There’s a buzzer hidden down a filthy corridor on Dean Street that you probably shouldn’t ever press if you’re moderately prudish or offended by sentences where the clauses, conjunctions and adverbs are made up entirely of swear words. There’s a clue to what you can expect in the name next to the bell. Written in thick marker pen is the pithy ‘Cunty’.
The room at the top of the narrow stairs is about the size of the front half of a caravan. It’s warm, verging on stuffy, and everything is painted a crepuscular shade of green.
The Museum of London website says of the Colony Room, "The Colony Room was one of many drinking clubs in Soho. The autocratic and temperamental owner Muriel Belcher created an ambiance which suited those who thought of themselves as misfits or outsiders."
Belcher,bucolic, alcoholic, lesbian heroine lover, had previously run a club called the Music-box in Leicester Square during World War II. She managed to secure a 3PM-to-11PM drinking license for the Colony Room bar as a private members club, whereas public houses had to close at 2:30PM. Francis Bacon was a founding member, walking in the day after it opened in 1948. He was "adopted" by Belcher as a "daughter" and allowed free drinks and £10 a week to bring in friends and rich patrons.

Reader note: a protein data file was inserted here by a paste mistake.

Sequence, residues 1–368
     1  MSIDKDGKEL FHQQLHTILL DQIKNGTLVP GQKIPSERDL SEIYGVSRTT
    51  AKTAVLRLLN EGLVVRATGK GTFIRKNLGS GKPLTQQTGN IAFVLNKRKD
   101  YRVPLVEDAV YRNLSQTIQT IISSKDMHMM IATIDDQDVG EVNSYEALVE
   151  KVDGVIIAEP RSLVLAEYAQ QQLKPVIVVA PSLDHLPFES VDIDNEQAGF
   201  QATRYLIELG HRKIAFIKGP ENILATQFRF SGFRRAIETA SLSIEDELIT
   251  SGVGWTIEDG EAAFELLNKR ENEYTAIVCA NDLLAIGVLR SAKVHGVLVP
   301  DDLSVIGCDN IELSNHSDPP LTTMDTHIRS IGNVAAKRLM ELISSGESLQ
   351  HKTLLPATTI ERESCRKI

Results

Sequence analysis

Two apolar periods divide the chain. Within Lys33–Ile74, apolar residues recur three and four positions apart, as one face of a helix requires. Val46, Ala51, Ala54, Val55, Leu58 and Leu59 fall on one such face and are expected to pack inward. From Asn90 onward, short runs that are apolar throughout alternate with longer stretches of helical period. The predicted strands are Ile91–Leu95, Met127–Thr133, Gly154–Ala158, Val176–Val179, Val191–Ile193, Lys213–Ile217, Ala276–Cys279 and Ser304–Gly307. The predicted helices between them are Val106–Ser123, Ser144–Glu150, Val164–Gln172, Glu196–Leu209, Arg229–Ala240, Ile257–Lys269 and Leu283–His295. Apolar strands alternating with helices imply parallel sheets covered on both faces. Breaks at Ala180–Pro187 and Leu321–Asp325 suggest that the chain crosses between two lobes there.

After Belcher's death, the club continued under the stewardship of her long-term barman Ian Board, known as Ida, until his death in 1994. In turn, it then passed to his veteran barman Michael Wojas, who recently celebrated his silver jubilee at the club. Board and Wojas have ensured that the Colony Room today is as popular as ever with artists of all types, and in particular of late, those who have come to be known as Young British Artists (YBAs), including Damien Hirst, Sarah Lucas and Tracy Emin. It is the pulse of Soho, the thermometer of London. Why of course it’s the Finest of Wines, the most exclusive club in the Grandest of Cities, though its label may be a little tatty, ‘it’s history is beyond salubrious,’
Some might disagree with the rare beauty of the scummy entrance in Dean Street, but then they’d go to the Soho House, and quite frankly, they are the type of person you wouldn’t want or expect to meet there. I would be surprised to meet Paris Hilton there, but not surprised to bump into Amy Winehouse, I could imagine Britney Spears in her current state, like Princess Margaret or Sarah Lucas, collapsed drunkenly on the floor.